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  1. PirateJon is offline
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    and good morning to you too

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    Posted On:
    11/28/2005 2:31pm

    supporting member
     Style: MT/BJJ

    --
    Hell yeah! Hell no!
    Yeah don't train machines. Not a good thing at all. Just look at the Terminator.


    (we need someone to say this? oy!)
  2. WhiteShark is offline
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    1% Shark is better than you.

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    Posted On:
    11/28/2005 2:35pm

    supporting memberforum leaderstaff
     Style: BJJ/Shidokan

    --
    Hell yeah! Hell no!
    JFS_USA, please respond to my post, I'm curious if I'm getting the right impression.
  3. Jason74 is offline

    Professional Fighter

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    Posted On:
    11/28/2005 2:36pm


     Style: MMA

    --
    Hell yeah! Hell no!
    Quote Originally Posted by JFS USA
    Shadow box in a mirror. Be honest with what you see and correct defects immediately.



    Dude, you aren't getting any sympathy considerations from me. I'm a walking train wreck and have no hesitation about going all out any time.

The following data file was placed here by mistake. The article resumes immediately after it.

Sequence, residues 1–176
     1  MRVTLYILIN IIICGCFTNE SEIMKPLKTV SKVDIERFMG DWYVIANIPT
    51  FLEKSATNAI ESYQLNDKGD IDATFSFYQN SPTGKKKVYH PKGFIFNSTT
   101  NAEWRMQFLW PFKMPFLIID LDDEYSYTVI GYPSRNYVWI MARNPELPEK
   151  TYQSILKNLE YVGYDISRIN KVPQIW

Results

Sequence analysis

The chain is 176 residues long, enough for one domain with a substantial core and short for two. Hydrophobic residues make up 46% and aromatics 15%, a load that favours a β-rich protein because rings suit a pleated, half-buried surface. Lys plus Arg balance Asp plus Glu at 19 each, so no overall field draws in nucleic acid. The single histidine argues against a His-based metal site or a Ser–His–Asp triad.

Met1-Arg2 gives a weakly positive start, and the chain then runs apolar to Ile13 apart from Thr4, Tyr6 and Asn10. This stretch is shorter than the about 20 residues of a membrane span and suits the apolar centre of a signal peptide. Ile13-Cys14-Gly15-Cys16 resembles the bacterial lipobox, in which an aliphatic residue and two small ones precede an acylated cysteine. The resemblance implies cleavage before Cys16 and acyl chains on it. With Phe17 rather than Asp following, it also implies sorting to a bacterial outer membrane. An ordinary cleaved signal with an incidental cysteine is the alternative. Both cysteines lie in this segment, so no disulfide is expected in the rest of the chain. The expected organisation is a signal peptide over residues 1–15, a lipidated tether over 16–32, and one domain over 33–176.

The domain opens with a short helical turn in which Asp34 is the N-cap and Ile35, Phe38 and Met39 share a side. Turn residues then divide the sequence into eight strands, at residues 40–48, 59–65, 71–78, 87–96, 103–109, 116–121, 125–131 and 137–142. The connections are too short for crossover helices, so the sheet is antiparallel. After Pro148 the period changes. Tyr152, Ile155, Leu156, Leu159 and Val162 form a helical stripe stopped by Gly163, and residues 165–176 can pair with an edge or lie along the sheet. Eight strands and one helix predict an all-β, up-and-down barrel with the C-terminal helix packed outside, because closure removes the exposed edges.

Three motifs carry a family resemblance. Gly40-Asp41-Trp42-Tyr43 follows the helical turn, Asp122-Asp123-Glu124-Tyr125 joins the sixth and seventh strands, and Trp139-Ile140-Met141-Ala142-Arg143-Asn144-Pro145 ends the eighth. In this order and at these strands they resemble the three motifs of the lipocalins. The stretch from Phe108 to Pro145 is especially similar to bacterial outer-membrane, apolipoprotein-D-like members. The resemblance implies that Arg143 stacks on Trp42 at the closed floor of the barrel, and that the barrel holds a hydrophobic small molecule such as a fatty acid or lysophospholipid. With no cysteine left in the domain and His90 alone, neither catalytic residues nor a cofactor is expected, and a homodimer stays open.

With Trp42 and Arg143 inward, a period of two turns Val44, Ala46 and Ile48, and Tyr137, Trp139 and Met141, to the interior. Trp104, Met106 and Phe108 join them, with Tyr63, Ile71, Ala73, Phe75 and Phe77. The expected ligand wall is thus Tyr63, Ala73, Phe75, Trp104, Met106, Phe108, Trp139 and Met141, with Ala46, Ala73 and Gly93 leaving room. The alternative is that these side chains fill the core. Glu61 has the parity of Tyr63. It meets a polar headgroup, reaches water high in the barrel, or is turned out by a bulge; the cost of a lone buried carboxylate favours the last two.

Fighting = Injury ... and it's not always the opponent who gets injured. Accept it, get over it ... or find something else to do ... you know ... take up knitting.



    Mental visualization and imagery work are good things.
    Shadow boxing has its place in my training, but I dont see that as really a total solution to learning a skill, especially a pugilistic skill.

    I never once asked for your sympathy, truth be known, I neither need it nor desire it. In my opinion, if you are "going all out" all the time and not suffering injuries, I call into question your workout partners skill, or your definition of "all out." When I have injured myself or all my training partners through too much contact, what have I accomplished? You say that you are a train wreck of injuries, sparring all the time will do that...we, as fighters, have a shelf life. While I think that full contact and semi-contact sparring is necessary to even consider fighting for real, I also recognize that you can not do it all day every day.

    As far as fighting equalling injury, check out my tag line, it does not say contributing member, it says professional fighter. I did not buy my way into a place of honor here, I fought for it. I am aware of what fighting is. However, only an idiot does not recognize that when you are injured you can not fight full speed and power against another opponent.